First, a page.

(Image FLICKR: Matt Green)

The New York Times reported on June 29, 1969:

“Hundreds of young men went on a rampage in Greenwich Village shortly after 3A.M. yesterday after a force of plain­clothes men raided a bar. . . The young men threw bricks, bottles, garbage, pennies and a parking meter at the policemen, who had a search warrant authorizing them in investigate reports that liquor was sold illegally at the bar, the Stonewall Inn, 53 Christopher Street, just off Sheridan Square. Deputy Inspector Seymour Pine said that a large crowd formed in the square after being evicted from the bar. . . The police estimated that 200 young men had been expelled from the bar. The crowd grew to close to 400 during the melee, which lasted about 45 minutes, they said.”

The crowd was eventually dispersed. However, later that evening, the crowd re-gathered chanting “Gay Power!” and “Liberate Christopher Street!”. The crowds again returned over the next several days to protest and demonstrate. Later in 1969 after the riots had ended, activists from Greenwich Village started to organize to create spaces where gay individuals could gather without being arrested. This early organizing led to the formation of the Gay Liberation Front (GLF) which connected or aligned with other protest movements (e.g., The Black Panthers, The Students for a Democratic Society, etc.). As different approaches and strategies were tried, members left some organizations to form new groups including the Gay Activist Alliance (GAA) which focused solely on gay civil rights. Nationally, other groups were also organizing, growing, and then sometimes fading over time as different strategies were tried and various goals accepted or rejected by their members. One activist and visible member of Greenwich Village who intersected both the trans community and people of color was Marsha P. Johnson who was at the Stonewall Riot and later with Sylvia Rivera formed the Street Transvestite (now Transgender) Action Revolutionaries (STAR) to support the homeless gay population: The first LGBTQ+ youth shelter in the United States and lead by trans women of color. (On February 1, 2020, East River State Park was renamed Marsha P. Johnson State Park in recognition of her efforts.)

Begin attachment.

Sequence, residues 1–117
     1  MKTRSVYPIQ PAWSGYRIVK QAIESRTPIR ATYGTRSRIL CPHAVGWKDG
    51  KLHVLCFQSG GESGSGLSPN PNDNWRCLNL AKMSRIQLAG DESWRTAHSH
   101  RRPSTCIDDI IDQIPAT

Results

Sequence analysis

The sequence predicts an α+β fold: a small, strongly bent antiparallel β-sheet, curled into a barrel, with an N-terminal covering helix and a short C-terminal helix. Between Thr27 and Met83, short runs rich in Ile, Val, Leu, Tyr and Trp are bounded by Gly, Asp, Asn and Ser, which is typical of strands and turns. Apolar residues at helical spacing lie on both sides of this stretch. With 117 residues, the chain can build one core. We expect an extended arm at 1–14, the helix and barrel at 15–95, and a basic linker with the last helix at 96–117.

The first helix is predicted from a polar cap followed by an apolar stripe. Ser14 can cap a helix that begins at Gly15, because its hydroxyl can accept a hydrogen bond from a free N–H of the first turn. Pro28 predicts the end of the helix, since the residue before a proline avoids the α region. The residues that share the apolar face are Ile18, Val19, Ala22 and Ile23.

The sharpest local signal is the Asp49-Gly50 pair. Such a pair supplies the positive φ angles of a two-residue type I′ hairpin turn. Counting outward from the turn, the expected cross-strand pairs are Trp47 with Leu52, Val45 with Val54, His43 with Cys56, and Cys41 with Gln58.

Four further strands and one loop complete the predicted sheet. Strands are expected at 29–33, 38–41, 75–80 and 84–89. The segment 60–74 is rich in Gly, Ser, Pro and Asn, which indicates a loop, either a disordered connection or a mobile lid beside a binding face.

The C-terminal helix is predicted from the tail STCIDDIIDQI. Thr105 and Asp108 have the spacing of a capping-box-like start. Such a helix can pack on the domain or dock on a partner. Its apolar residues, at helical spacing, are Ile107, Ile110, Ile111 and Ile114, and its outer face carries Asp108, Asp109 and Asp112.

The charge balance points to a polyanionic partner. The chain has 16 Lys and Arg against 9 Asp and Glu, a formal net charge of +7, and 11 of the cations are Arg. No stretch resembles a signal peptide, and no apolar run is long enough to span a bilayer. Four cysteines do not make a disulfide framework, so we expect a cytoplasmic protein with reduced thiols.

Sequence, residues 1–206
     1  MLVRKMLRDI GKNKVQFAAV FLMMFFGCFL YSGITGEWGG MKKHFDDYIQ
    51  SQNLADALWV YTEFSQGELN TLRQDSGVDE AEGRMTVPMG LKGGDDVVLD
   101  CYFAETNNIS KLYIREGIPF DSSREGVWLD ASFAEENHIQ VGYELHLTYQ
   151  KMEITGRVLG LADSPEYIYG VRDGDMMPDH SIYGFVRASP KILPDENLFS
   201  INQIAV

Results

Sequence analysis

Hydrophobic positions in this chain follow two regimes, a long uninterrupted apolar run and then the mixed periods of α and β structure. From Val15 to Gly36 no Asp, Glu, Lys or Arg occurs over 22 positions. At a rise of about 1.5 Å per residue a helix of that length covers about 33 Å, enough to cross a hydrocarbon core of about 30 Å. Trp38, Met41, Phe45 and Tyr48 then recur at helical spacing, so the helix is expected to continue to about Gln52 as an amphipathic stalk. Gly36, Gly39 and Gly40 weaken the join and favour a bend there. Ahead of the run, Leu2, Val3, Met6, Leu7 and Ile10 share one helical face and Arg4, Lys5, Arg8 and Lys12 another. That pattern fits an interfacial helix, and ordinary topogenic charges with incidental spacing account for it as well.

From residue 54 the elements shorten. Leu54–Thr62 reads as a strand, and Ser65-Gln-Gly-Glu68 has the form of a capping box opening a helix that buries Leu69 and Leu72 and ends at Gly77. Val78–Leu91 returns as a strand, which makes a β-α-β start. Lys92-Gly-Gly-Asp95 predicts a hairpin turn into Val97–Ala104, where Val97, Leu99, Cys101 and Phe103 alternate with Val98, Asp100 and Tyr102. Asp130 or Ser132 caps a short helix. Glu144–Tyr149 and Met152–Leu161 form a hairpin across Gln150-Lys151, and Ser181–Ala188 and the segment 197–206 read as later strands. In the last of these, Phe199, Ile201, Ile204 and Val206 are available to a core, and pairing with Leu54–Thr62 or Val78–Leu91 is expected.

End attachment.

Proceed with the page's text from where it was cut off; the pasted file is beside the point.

Efforts to remember and celebrate the first anniversary of the riots fell to many individuals including Brenda Howard, one of the key leaders of the effort to celebrate the significance of the Stonewall Uprising. One of her ideas was to create a week-long celebration rather than a single day event. Another organizer, L. Craig Schoonmaker, came up with the slogan for the event, “Pride”, with the official chant “Say it loud, gay is proud.” Ms. Howard’s, Mr. Schoomaker’s, and others’ efforts resulted in the first Christopher Street Liberation Day March that occurred on June 28, 1970 with a crowd estimated at between 1,000 and 10,000 people. An introspective article by Andrew Soloman of the NY Times in 2019, “The First New York Pride March Was an Act of ‘Desperate Courage’” highlights the importance of this first march.

“When we hear of Pride marches today, we tend to think of fuss and feathers . . . But Pride was not always so unabashedly celebratory; for a long time, it was a radical assault on mainstream values, a means to defy the belief that homosexuality was a sin, an illness and a crime, that gay people were subhuman. . .

So I come to these photographs abashed. I admire the people, braver than I, who were out for the first march. I feel such gratitude that these men and women had the wherewithal to declare themselves when doing so was still so acutely dangerous. I have benefited from their willingness to fight scorn with scorn. There is a righteousness even in the photos of people who seem to be there for a good time. . .”